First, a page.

Once the trees and metals have formed, they are harvested by human workers. The genetic information is then spliced together in the glorious love shack that is a hammer factory. The end product is then shipped out to bloodthirsty, hammer-fighting maniacs around the world. Thus the Bloody Circle of Life is begun anew.
Breeds of hammer
Hammers have been selectively bred for a variety of military applications. It would be unwise to attempt a conclusive list of hammers. However, a few notable varieties are worth mentioning.
- Warhammer: The warhammer is the ultimate hammering machine. Most war hammers are specially bred to have more metal ores in them. The hitty part and the eye gougy part are usually much larger. Also, metal ores often run down the length of the handle, and may extend all the way to the pistil or stamen. This makes for a much sturdier handle, which can better withstand the rigors of war.
- Ball-Peen Hammer: The ball peen hammer is a peculiar hammer with two hitty parts, and no eye-gougy part. One hitty part is rounded, and is called the "ball." The other hitty part is flat, and is called the "peen." Some suggest that the ball-peen hammer is the only hammer in which the male reproductive organs are fully developed.
- Claw Hammer: The Claw hammer is the traditional hammer, where the eye-gouging part is divided into two sections. It is understood that this bifurcation enhances the chance of actually removing the eye. "Carpenters" think claim that this bifurcated eye-gouging part is for pulling nails. Tests on how nails can be pulled with the eye-gouging part have produced some inconsistent results, although they can definitely mangle hands pretty good.
- Brick hammer: the brick hammer is constructed with the eye-gouging part un-bifurcated, and slightly less curled. Brick hammer eye-gouging parts are notably better at popping the eye than gouging them. Also, brick hammer eye gouging parts tend to be rather effective at trepanning the enemey, in the event that the user misses the eye. Some brick hammers have ore material extending down the handle for better reinforcement. The brick hammer is also useful for finger removal, such as in twenty questions.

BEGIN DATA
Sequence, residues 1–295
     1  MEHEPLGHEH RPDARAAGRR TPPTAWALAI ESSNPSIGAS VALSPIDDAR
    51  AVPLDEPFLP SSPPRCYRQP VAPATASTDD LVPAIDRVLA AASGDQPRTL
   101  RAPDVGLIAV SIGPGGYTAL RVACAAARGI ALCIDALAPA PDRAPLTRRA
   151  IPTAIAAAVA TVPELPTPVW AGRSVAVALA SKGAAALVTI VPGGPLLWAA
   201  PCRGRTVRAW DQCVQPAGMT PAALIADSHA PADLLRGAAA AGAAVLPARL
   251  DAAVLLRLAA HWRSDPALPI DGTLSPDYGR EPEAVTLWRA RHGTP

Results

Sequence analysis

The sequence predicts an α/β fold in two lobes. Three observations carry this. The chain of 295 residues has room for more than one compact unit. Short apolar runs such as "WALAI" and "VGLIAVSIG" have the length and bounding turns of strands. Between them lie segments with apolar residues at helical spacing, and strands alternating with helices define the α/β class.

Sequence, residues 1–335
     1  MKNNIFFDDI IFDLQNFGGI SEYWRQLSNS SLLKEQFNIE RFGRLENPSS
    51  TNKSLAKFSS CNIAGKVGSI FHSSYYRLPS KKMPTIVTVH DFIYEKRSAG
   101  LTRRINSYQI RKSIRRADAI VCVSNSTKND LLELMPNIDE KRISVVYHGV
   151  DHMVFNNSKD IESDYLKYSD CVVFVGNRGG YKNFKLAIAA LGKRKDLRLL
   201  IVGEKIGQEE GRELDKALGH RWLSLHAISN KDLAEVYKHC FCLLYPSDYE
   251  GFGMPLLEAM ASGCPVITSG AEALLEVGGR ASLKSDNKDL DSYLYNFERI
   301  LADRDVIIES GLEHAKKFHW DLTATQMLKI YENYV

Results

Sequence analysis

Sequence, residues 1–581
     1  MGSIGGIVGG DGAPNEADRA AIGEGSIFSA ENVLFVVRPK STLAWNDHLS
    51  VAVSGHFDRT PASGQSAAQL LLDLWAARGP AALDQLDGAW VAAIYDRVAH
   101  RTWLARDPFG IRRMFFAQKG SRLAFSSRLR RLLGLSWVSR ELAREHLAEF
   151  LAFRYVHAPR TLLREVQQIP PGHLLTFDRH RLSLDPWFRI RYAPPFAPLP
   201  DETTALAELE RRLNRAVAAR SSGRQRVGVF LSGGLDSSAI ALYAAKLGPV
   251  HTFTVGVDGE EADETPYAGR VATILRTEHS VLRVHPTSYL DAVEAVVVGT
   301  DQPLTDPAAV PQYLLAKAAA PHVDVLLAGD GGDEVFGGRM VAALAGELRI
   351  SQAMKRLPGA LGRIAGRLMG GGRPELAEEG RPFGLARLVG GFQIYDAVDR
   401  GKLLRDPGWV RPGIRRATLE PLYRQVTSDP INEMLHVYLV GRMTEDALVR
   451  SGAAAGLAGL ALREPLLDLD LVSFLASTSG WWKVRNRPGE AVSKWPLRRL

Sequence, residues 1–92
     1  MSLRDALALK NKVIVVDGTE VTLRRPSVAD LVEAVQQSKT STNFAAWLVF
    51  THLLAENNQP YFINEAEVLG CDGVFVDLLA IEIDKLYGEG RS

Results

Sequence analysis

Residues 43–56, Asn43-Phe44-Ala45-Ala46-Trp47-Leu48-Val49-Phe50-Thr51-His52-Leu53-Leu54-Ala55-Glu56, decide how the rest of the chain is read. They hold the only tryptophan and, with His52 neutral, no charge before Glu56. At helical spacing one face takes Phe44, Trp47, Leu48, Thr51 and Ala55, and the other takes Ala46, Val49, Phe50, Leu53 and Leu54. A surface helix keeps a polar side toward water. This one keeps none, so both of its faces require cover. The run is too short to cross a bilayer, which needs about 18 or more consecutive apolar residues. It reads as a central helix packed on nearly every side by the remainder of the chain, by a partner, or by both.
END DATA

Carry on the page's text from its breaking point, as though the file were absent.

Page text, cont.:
- Rock Hammer: Rock hammers are made with a peculiar handle composed of metal ore and rubber instead of wood. Their eye gouging part is also designed with an un-bifurcated tip, but this one comes to a single pick like point. It has been suggested that this pick point actually is ideal for blinding the opponent.
- Sledge Hammer: This hammer is bred with two over-sized hitty parts, and an extra long handle. While the lack of eye-gougy parts seems to make removing eyes impossible this is not the case. The extra size of the hitty parts makes it possible to remove both eyes at the same time if you hit your opponent hard enough on the back of the head.
- Drywall hammer/Roofing Hammer: Abstrat features involving texture on the hitty part define these two classes of hammer in ways which only an expert can explain. However, both breeds of hammer have an axe-like head on the back side of the hammer, instead of an eye-gouging part. It is suggested that these are actually the result of hammer-axe cross breeding.
- Mallet: The mallet appears to be a hammer made without metal ores. The two hitty parts on top of the handle are often made of wood, plastic, or leather. Since they are usually not powerful enough to draw blood, there is some confusion as to how these weak hammer-like creatures breed at all.
The world of hammers is a rich and exciting place for the ultra-violent to explore. There are:
- Traditional hammers
- Hammerhead sharks
- Jumbo novelty hammers
- Meat tenderizers
- Ham radio
- Even squeaky toy hammers for the kids!
There are also an almost infinite variety of hammer types, styles, attacks, and criminal statutes to immerse yourself in. And it is so easy to take part. Simply pick up a hammer and pound anything that moves. It's fun, educational, and a great way to test the limits of the self-defense clause. Happy hammering!
NOTE: The content of this article is in no way related to MC Hammer